- Hone your data management skills
- Gain experience in your desired niche.
When you are out to get a job as a Data Scientist, a solid, relevant educational background is bound to impact your CV. A degree in information technology, statistics, mathematics, computer sciences, or business may help stretch your legs in the field.
Data Scientist Qualifications
A bachelor’s in any of the following relevant fields will help you get started:
- Applied mathematics
- Computer science
- Social science
Several universities offer a master’s program in database administration or data science to top it off. These Data Scientist qualifications are not required but will build your credibility when applying for a job.
Also, since 79% of the people who pursue data sciences professionally have a bachelor’s and 38% a Ph.D., to increase your chances of beating the competition out there, a master’s or a doctorate is the best degree for data science.
Work experience requirements
While it is not a mandatory Data Scientist career path, starting as an entry-level Analyst may provide you with the necessary work experience and expertise.
You will find several roles offered by different companies that rely heavily on data. Seek a position as a Data Analyst, Data Engineer, Statistician, or Intelligence Analyst. These jobs will lay the groundwork from which you can broaden your horizons.
Data Scientist career path
Just like any other field, as a fresh Data Scientist, you will need a job to gain experience in the area. Next, you can land a better position through extensive training, hard work, and expertise.
The shortage of expert Data Scientists renders the field pretty high-demand. A survey in 2019-20 concluded that one of the top three challenges marketers face these days is the lack of Data Scientists to analyse their numbers and trends.
Hence, you can expect to land a suitable job to boost your career. Also, the work environment is subjective to a business’s nature and your coworkers. However, the job itself is pretty fast-paced and ever-changing.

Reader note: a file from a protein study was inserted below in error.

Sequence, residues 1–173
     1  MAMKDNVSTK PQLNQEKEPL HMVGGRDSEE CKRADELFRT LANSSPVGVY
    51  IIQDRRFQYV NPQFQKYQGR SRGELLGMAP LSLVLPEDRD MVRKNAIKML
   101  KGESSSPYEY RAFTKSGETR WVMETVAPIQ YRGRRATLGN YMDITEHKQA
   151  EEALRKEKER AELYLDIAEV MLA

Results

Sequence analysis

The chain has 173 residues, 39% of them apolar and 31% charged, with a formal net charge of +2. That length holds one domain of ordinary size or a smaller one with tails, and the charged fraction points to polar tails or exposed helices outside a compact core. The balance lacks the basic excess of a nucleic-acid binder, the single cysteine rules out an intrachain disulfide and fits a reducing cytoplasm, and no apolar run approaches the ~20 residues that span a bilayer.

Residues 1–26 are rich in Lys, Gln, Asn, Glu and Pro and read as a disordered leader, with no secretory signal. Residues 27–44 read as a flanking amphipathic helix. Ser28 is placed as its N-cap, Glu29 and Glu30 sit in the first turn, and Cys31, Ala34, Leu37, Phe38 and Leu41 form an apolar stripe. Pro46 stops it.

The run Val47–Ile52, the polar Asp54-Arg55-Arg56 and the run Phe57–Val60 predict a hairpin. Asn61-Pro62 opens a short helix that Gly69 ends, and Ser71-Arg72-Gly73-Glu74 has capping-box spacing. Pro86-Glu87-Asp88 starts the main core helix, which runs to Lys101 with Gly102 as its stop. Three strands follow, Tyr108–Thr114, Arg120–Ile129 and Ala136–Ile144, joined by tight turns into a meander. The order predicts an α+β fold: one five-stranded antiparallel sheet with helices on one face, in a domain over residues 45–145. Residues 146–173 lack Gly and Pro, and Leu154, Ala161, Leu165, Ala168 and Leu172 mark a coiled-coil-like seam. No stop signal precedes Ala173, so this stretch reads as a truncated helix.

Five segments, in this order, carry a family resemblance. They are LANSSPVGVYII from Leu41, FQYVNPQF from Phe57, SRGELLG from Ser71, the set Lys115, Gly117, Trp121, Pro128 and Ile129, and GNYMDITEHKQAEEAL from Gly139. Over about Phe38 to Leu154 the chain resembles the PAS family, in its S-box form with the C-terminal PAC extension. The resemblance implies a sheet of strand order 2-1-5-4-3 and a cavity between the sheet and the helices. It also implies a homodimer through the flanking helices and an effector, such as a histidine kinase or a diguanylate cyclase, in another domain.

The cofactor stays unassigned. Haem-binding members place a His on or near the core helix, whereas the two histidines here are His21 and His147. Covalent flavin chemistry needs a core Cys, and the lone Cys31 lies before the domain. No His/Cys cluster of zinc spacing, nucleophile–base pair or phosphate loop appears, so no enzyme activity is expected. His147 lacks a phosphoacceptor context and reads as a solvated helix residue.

You will need to find, organise, and use numbers and master a new trick to do it every day. One of the downsides of the job is that as soon as you learn one technique, it will be old news, and the market will thrust a new one to master.
But the high demand and a handsome payout attract large numbers of professionals to the field.
According to Glassdoor, an average Data Scientist in Australia makes approximately AU$120,000 per year, a senior Data Scientist makes AU$152,500 per year, while the lead Data Scientist makes AU$153,750 annually.
Below is a chart that shows the annual salaries of a Data Scientist in Australian dollars at a few local corporations:
All stats and graphics point to one conclusion: data science is a well-paying field. Whether working at a big enterprise or a small startup, a Data Scientist is bound to have an income above the national average.
Deloitte predicts that the Data Scientist workforce will increase from 301,000 to 339,000 in 2021-2022. This puts the Data Scientist position at an expected growth rate of 2.4%, which is significantly stronger than the 1.5% yearly growth average for the rest of the Australian labour force.
A Data Scientist has loads of career shift options. These include database administration, software development, computer network architecture, and information security analysis.
Any career that uses a Data Scientist’s ability to manage and process information could be an ideal career option.
Examples of the benefits of data science
Data science has revolutionised the way we see and deal with businesses. Here are a few practical implications of the technology:
- Accurate business decisions: A Data Scientist will produce and study accurate data that could lead a company to decide if to invest in a new product or not.
- Boost sales: Data science uses data-driven marketing to boost sales by identifying and advertising among target audiences.
- Data security: A business’s data can only be safe by an algorithm designed by data science.
- Automation: Data science can automate monotonous job routines like going through resumes.
- Data visualisation: A visual representation of the market you are targeting can gain beneficial insights.
FAQs / Resources
1. How long does it take to become a Data Scientist?
A bachelor’s degree typically takes four years, and a master’s requires a year at least. After completing the formal education, you need at least 5 to 8 months to be proficient in data science.
2. How do I start a data science career?
A data science career usually starts with a bachelor’s and then an additional degree. Afterward, an entry-level data analyst job can kick-start your career.
3. Is it hard to become a Data Scientist?
Just as any other field, data science requires extensive training, years of hard work, and persistence. You can become a Data Scientist in Australia through at least five years of education and considerable experience in a verified firm.
4. Which industry is best for data science?
The top industries catering to Data Scientists are:
- Health care
- Digital marketing